The Purple Martin Society, NA


Occasionally, The Scout Report feels strongly enough to offer editorials in The Scout Report on some martin related subjects.


By Rick Cruz
Vice-President of The Purple Martin Society

Many times we hear that martin house manufacturers trash the use of gourds as Purple Martin housing. What a load of purple propaganda! Do martin landlords really believe a manufacturer of aluminum martin houses would really endorse any other type of housing? It really makes me angry that some self-proclaimed experts do not examine the so-called facts before completely debasing something that has the potential to be just as effective as aluminum housing.

Supposedly, there is no advantage to using gourds over modern aluminum housing today. I beg to differ! The properly prepared gourd with a side access entrance hole for landlords may be more advantageous than aluminum housing. This type of gourd housing has been developed by Andrew Troyer of Pennsylvania, who is also a manufacturer of martin-related products.

Mr. Troyer came up with the idea of making a gourd as easily accessible as an aluminum house. Up until a few years ago, you could not access a gourd for pest control, nest checks, or cleanouts. The accessibility was only through the birds’ entrance hole. By using a 4" hole saw, some silicone, small wood or sheer metal screws, and the neck and lid of a plastic jar, or lightweight PVC piping, your gourd is now serviceable. The addition of a small crescent aluminum hood over the entrance hole offers protection from sun and rain. A small PVC elbow inserted into the top offers more than adequate ventilation. It can also be capped early in the season to keep them warmer. A good coat of primer and white elastomeric paint will keep a gourd plenty cool in the hot summer sun. Once properly prepared and mounted on any type of winch system, they perform as well or better than aluminum housing. I have prepared gourds for myself and for others and I can personally attest to the fact that it takes less time to prepare five extra large gourds that assembling a Trio-Grandpa martin house. I do confess that I already had all the parts pre-prepared, as well as having had all of the necessary tools and supplies readily available.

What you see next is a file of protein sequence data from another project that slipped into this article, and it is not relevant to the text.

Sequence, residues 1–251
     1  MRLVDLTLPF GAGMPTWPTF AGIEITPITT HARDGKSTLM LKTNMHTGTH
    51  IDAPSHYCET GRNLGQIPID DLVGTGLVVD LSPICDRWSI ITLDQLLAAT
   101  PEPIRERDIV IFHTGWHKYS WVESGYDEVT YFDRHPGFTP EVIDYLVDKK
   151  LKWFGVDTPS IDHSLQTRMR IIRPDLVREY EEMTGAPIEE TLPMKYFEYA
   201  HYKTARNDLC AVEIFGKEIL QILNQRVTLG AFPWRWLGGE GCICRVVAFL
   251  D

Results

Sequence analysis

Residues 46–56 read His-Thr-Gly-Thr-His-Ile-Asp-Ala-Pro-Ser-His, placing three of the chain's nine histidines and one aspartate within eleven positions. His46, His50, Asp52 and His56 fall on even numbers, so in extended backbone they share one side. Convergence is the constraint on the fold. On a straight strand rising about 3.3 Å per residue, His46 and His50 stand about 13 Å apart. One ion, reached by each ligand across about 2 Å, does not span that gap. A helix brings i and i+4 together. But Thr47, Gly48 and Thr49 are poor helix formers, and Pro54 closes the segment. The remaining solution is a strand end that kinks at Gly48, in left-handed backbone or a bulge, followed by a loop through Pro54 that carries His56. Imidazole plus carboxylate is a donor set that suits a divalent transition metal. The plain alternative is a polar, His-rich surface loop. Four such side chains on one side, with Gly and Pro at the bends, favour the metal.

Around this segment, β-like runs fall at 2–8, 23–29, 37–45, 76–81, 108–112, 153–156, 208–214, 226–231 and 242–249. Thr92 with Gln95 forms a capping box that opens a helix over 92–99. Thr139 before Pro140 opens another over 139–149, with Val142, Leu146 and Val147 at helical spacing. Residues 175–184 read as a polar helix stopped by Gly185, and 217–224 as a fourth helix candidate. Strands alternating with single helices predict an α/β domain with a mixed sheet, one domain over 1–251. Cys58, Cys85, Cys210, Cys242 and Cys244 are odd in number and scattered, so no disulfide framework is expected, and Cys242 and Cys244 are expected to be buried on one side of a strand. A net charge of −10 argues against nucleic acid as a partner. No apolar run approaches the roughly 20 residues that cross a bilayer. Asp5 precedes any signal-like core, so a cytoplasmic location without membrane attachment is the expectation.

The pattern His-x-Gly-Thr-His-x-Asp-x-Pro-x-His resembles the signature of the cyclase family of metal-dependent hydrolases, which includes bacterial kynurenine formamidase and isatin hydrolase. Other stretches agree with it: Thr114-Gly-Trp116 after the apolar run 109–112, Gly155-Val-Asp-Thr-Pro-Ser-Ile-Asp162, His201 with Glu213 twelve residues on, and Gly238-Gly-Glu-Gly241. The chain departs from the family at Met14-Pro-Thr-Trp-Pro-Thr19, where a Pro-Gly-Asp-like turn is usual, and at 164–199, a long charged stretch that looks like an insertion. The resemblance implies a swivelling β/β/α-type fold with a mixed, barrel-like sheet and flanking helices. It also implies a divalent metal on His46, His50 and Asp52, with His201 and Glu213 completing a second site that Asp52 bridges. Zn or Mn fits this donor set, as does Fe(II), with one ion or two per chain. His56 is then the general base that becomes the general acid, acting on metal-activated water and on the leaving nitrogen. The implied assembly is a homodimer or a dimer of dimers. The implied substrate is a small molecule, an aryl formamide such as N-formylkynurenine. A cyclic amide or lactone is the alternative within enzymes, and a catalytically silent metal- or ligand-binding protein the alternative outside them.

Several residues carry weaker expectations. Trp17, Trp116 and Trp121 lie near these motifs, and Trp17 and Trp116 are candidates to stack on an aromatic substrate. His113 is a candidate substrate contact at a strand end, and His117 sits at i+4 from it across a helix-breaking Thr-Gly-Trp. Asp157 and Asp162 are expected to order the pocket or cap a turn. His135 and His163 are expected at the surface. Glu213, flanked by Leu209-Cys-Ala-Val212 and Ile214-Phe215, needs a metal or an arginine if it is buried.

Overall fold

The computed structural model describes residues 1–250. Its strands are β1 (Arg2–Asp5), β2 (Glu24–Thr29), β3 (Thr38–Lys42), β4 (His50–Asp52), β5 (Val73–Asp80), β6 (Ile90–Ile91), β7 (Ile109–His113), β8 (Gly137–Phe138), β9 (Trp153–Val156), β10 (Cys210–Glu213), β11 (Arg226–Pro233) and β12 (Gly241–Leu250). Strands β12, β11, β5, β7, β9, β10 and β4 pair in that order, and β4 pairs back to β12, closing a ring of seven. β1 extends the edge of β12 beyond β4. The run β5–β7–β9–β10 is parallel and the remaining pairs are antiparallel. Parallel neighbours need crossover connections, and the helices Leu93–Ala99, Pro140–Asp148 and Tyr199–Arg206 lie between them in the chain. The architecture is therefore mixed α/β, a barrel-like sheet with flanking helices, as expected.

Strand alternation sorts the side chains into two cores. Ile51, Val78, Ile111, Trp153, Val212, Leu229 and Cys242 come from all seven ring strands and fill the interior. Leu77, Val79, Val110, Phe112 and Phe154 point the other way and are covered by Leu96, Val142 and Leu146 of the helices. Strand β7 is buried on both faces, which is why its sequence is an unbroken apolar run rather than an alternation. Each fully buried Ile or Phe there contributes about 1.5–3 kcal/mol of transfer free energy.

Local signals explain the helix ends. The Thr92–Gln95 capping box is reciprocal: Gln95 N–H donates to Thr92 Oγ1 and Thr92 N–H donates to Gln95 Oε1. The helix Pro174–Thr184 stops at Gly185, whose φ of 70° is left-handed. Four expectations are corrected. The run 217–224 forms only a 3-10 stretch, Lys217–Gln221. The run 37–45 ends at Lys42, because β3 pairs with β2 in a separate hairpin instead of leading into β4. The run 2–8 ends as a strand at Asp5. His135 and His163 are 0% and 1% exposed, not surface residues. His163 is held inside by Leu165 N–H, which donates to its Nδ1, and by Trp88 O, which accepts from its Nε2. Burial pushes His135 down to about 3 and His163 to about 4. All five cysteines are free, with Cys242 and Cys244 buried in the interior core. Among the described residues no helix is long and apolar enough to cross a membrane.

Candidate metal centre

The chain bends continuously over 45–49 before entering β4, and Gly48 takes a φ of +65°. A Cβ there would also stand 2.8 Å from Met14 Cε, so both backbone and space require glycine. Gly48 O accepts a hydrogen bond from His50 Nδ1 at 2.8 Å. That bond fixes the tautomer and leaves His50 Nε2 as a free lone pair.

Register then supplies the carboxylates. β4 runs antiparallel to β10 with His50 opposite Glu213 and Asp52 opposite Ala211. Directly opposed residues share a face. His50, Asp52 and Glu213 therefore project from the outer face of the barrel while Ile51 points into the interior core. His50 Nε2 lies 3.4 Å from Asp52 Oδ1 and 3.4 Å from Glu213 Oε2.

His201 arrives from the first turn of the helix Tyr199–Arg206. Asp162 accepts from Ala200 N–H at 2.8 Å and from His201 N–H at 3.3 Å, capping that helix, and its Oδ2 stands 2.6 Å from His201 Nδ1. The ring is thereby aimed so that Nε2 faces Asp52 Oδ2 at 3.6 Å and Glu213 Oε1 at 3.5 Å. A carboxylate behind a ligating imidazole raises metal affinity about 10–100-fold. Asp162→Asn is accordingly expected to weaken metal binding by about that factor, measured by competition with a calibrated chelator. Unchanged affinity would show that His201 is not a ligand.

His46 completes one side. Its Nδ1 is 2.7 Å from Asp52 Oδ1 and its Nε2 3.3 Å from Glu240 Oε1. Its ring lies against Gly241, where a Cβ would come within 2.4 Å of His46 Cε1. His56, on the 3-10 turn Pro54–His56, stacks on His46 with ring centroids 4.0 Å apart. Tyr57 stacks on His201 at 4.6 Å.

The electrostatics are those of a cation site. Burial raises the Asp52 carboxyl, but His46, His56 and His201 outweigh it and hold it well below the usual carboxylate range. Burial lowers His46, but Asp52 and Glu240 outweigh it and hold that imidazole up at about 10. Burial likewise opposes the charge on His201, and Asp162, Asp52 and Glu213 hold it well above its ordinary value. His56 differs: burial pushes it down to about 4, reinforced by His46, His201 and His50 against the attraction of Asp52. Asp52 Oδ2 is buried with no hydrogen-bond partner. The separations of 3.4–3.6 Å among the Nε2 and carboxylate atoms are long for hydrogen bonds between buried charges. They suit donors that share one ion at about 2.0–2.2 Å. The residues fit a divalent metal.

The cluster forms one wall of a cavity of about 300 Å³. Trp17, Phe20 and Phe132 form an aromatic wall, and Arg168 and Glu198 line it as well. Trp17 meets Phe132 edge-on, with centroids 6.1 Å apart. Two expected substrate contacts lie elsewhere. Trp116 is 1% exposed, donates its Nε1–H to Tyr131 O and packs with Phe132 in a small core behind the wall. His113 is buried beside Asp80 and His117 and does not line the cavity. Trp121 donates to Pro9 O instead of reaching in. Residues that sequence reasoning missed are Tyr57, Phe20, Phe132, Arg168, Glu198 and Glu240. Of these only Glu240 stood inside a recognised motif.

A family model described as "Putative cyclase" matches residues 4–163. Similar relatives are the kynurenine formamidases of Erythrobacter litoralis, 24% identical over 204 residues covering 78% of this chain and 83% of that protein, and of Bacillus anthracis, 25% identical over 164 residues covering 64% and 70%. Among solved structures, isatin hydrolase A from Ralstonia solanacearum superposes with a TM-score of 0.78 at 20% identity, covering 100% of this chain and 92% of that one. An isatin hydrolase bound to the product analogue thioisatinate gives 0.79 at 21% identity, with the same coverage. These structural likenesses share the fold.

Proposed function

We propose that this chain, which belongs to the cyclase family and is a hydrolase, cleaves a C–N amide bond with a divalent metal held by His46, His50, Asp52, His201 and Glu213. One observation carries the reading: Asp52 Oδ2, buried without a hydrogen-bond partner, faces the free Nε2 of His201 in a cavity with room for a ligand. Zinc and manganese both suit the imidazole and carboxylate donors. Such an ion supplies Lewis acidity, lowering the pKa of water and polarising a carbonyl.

Now, let's compare natural gourds to aluminum housing and see how bad gourds really are!

1) Gourds offer no protection whatsoever from predators.

Properly hung, a swaying gourd makes a difficult perch for foraging owls. Owls are not like parrots. Have you ever seen a parrot hang from a swinging perch by one leg? Owls cannot access a gourd as easily as they can a 6" cube. Think about it? An 8" bird, nesting in a 6" compartment, not to mention both male and female, or even a martin family inside. Why do you think owl guards were invented? Without a pole guard, aluminum housing is just as susceptible to climbing predators as gourds are.

2) Gourds deteriorate and need a lot of maintenance.

Properly treated (copper sulfate) and painted gourds should last longer than the wood on your house. By cleaning out the old nests and storing them out of the elements for the off-season, gourds can last for many years.

Have you ever refurbished an old aluminum house that has been exposed to the elements for two to five years? Well, I have, and it is not pretty. All of the steel screws and acorn nuts are rusted from moisture and uric acid in the martin feces. I have had to cut them out with side cutters, The paint does fade, and some of the aluminum gets pitted and holey. The only way prevent this, is to clean them out at the end of the season, then bust your butt removing the house from the pole, and put the house away for the winter. When it comes down to it, both gourds and aluminum houses will deteriorate without proper maintenance. It is just a matter of time.

3) Gourds are fragile, especially in high winds, so they must be secured.